In the School of Earth Sciences fall quarter Distinguished Lecture, Prof. George Hilley will explain how the Santa Cruz Mountains formed, the impact they have on our local quality of life and the “invisible” seismic risk they pose.The event starts at 4:15 p.m. in the Mackenzie Room in the Huang Engineering Center.  It is open to the public.

Red states support climate legislation, too, Stanford analysts find

A majority in every state polled wants limits on green house gas emissions, believes U.S. should take action on global warming, according to data from surveys analyzed by Prof. Jon Krosnick.

A jolt to complacency on food supply

David Lobell is using elaborate statistical techniques to reveal a detailed picture of the effects of heat on crop yields. His work suggests that rising heat stress in some major growing areas is already putting a drag on production — and raises the possibility of much more serious effects as global warming continues.

Distinguished Lecture Series

The Earth Sciences Distinguished Lecture Series presents "A Beautiful, Hazardous Haven: The Shaping of the Santa Cruz Mountains" by Prof. George Hilley
Wednesday, November 20, 2013 4:15 PM
Huang Engineering Center - Mackenzie Room
Reception to follow

Precious rare earth metals discovered where continental plates collided

New finding indicates that rare earth elements used in technologies from smartphones to wind turbines may exist in previously unexplored locations where mountains were built by collisions rather than where continental plates separated. 

Wendy Mao receives Mineralogical Society of America Award

Wendy Mao received the 2013 Mineralogical Society of America Award.

Climate Pact: "The devil will be in the details..."

E-IPER PhD candidate Jeremy Carl provided perspective on the usefulness of a new climate change pact signed by the governors of California, Oregon and Washington, along with the premier of British Columbia.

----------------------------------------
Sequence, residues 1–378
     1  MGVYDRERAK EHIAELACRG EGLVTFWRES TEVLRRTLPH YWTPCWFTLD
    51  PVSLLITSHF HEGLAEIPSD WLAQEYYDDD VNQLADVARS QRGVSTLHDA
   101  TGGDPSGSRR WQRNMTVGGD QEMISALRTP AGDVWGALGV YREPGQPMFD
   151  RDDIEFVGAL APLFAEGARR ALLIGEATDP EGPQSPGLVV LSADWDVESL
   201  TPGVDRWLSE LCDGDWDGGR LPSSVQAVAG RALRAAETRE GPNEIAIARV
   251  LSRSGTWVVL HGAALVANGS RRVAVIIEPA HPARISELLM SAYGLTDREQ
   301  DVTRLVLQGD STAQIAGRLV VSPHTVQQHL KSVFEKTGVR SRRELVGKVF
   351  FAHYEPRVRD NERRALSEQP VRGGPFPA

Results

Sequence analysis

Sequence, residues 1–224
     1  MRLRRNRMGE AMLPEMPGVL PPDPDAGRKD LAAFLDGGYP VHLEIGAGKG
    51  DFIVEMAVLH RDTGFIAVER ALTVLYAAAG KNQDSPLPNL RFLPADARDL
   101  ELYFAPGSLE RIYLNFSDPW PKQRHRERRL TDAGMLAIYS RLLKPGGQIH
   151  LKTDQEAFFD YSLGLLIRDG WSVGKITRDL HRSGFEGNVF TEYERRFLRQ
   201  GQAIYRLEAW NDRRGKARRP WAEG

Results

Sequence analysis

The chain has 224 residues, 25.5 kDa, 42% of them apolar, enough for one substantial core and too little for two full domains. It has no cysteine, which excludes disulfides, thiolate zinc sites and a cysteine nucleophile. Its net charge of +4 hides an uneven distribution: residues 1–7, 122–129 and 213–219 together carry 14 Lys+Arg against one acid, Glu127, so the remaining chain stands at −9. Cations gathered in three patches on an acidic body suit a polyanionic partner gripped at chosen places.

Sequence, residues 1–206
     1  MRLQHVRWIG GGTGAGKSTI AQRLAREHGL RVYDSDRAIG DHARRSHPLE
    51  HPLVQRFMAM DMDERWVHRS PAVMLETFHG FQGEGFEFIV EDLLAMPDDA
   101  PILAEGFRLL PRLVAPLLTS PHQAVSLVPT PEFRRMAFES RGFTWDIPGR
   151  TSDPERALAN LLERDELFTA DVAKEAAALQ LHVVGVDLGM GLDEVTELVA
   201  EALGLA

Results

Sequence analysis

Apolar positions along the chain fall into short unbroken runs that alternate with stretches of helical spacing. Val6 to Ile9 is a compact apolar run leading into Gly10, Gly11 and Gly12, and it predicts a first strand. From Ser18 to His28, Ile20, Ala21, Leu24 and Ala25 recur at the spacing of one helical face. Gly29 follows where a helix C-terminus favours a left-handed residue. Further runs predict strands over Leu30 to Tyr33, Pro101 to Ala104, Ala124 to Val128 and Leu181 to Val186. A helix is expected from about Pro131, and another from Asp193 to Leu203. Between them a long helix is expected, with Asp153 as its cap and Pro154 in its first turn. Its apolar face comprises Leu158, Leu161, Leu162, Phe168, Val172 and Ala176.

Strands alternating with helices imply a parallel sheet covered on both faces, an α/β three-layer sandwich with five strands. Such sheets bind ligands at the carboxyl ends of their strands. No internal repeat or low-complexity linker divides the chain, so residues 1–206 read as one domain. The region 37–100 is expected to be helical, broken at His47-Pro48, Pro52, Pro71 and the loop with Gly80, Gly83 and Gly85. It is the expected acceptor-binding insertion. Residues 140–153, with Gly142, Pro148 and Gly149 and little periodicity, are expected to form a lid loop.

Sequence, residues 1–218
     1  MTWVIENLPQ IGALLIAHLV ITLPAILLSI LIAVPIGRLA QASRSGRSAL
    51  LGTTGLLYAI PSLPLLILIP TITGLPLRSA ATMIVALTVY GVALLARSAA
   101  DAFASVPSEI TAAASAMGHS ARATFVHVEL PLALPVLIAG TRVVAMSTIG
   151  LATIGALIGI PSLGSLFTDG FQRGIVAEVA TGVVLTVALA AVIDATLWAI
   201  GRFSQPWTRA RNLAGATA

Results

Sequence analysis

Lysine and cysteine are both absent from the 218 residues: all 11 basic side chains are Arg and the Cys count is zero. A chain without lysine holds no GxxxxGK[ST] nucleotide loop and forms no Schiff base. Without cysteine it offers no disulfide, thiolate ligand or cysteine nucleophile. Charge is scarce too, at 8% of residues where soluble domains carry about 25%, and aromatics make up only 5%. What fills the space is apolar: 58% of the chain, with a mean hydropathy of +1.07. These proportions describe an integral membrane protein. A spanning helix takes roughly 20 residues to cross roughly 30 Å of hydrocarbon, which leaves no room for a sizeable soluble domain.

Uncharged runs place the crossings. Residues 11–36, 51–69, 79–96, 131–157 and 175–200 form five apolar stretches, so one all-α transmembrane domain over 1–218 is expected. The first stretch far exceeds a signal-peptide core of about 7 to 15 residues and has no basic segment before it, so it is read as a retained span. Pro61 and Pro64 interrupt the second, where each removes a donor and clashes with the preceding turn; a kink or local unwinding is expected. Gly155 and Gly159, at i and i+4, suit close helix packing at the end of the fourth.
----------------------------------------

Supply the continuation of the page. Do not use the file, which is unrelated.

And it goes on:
National Academy recommends formation of independent institute for offshore oil and gas operations

Energy Resources Engineering consulting professor Richard Sears (MS Geophysics, 1976) helped coauthor a new National Academies report that recommends the U.S. Department of the Interior create an independent institute to evaluate and develop new technologies for offshore oil and gas operations.

On air with a paleoclimatologist

Environmental Earth System Science PhD candidate Mike Osborne was sponsored by AGU as a AAAS Mass Media Fellow over the summer, during which time he worked as a science journalist for KQED public radio for 10 weeks. Osborne reported on everything from the physics of sailing to a threatened owl species.

An ovation for Earth Scientists

A crowd of 50,000 football fans cheered for professors David Lobell (left) and Kevin Boyce to honor their recent MacArthur Fellowships. Toby and Kai Lobell joined in the festivities. Stanford went on to defeat UCLA 27-10.

New ideas for how Earth core formed

Experiments on samples of iron and rock held at immense pressures have led to new ideas of how Earth's core formed.